The Danish princess remained a prime candidate for a bride of Russia’s imperial family. In 1864, the Tsarevich Nicholas (“Nixa”) accordingly paid a visit to Denmark. Nixa promptly became infatuated with the comely princess. In reporting his impressions, Nixa wrote to his mother excitedly: “How can I describe her? She is so pretty, direct, intelligent, lively yet at the same time shy. She is even prettier in real life than in the portraits that we had seen so far. Her eyes speak for her: they are so kind, intelligent, animated.” Dagmar greatly appreciated the twenty-one-year-old tsarevich, a slightly built, intelligent young man who was popular with all who knew him. His teachers referred to the heir as “Russia’s hope” as well as “a brilliant young man.” Grand Duke Constantine was no less enthusiastic about his nephew, this future tsar, referring to Nixa as “the crown of perfection.”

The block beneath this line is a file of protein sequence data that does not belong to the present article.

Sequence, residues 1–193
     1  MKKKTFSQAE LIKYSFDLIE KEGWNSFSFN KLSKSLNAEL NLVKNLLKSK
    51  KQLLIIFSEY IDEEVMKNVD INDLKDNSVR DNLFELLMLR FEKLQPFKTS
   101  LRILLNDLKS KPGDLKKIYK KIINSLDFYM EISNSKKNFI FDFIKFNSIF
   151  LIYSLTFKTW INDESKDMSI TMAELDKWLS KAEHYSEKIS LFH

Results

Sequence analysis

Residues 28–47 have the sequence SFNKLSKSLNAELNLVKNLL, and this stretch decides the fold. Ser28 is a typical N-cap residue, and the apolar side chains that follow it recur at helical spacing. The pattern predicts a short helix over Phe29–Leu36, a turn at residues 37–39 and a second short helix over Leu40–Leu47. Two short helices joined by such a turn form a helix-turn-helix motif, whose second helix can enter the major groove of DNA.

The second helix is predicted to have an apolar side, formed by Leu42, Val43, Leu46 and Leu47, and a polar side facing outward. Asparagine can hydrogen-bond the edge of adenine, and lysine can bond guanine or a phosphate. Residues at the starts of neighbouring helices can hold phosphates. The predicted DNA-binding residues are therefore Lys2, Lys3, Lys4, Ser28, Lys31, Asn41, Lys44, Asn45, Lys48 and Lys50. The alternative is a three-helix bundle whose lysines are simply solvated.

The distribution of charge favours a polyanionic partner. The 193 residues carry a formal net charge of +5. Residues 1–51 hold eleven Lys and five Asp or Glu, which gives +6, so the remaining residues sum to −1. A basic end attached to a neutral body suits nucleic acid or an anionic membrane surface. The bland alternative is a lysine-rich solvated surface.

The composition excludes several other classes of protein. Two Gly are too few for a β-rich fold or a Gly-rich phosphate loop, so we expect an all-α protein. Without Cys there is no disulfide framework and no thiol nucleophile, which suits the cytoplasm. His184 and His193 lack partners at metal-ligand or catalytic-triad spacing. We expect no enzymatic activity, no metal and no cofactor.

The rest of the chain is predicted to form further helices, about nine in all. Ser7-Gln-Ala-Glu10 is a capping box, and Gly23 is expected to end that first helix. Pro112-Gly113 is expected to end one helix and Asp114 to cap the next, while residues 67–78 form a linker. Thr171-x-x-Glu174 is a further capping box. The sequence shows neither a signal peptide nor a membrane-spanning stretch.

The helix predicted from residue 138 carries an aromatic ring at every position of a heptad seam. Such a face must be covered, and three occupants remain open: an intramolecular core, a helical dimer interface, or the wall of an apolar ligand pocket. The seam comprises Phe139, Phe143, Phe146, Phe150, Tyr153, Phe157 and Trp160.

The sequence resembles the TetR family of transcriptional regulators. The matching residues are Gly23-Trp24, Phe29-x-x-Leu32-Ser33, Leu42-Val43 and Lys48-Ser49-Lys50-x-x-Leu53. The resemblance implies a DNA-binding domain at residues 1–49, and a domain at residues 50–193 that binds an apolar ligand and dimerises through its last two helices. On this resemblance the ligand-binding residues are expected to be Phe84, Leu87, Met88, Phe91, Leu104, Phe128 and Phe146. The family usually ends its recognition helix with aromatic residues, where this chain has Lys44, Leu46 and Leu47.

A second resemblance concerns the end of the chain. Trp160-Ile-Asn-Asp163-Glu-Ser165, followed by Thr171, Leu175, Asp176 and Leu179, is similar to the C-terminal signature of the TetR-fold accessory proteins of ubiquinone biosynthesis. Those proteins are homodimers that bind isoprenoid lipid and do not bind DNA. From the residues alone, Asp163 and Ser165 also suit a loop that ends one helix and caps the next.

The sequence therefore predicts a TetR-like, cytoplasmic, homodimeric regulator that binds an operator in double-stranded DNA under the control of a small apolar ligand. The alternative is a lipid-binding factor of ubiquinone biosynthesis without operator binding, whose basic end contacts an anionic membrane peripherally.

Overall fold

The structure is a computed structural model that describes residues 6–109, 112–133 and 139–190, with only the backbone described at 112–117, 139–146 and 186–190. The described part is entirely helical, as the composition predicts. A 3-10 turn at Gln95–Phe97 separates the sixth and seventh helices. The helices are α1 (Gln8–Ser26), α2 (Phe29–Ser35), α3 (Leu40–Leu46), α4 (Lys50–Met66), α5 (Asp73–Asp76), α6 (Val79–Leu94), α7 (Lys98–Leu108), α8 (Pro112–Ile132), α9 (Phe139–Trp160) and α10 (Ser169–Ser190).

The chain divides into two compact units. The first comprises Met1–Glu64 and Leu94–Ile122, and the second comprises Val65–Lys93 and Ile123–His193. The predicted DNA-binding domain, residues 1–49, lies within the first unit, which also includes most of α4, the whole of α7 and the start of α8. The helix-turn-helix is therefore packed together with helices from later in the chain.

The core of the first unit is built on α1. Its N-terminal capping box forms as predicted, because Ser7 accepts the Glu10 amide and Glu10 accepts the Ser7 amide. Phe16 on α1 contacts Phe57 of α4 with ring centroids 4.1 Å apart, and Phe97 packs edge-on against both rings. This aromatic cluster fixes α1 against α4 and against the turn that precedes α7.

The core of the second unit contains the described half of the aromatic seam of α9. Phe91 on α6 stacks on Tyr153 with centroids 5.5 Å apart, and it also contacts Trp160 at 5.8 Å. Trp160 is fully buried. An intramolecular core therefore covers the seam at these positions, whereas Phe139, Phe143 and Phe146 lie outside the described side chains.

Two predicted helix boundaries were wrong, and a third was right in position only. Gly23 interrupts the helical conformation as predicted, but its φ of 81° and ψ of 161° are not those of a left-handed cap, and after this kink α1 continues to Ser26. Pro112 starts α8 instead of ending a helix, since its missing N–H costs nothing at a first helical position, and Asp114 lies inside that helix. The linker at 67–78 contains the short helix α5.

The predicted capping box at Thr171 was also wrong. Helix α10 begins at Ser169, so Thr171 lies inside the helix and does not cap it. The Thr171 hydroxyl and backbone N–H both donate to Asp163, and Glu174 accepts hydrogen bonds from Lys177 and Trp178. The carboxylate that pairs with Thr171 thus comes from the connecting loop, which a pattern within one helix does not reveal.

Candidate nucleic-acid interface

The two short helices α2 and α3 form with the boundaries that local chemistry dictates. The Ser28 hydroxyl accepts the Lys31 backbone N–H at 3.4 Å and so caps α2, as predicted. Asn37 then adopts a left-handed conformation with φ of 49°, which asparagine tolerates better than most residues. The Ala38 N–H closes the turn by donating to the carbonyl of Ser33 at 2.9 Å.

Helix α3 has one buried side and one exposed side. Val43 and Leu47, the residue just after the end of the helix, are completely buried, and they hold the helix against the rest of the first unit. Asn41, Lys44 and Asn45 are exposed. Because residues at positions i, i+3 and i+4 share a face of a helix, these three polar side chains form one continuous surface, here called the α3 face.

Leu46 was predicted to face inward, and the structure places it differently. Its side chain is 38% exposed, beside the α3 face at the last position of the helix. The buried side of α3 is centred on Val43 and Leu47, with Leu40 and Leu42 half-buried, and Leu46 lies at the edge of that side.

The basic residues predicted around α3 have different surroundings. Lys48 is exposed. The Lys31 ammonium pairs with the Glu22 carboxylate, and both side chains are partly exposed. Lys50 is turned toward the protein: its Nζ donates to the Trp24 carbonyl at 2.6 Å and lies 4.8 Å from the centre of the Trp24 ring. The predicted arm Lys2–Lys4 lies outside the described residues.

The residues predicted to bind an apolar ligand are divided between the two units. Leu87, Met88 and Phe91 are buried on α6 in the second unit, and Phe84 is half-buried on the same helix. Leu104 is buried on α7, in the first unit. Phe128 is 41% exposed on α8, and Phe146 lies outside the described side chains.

3 / ∞ : Family of Tsar Alexander III & Tsarina Maria Feodorovna
From left to right: Tsar Alexander III, Tsarevich Nicholas Alexandrovich, Tsarina Maria Feodorovna, (front) Grand Duke Michael Alexandrovich, (behind) Grand Duke George Alexandrovich and Grand Duchess Xenia Alexandrovna. Missing is Grand Duchess Olga who was an infant at the time.
Originally owned by Empress Maria Feodorovna of Russia, the tiara was bought by Queen Mary after the Russians went into exile. As Maria was born Princess Dagmar, sister to British Queen Alexandra, it’s rather fitting that her tiara ended up in England.
Mary left the tiara to the Queen Mother, who lent it to Princess Margaret on several occasions.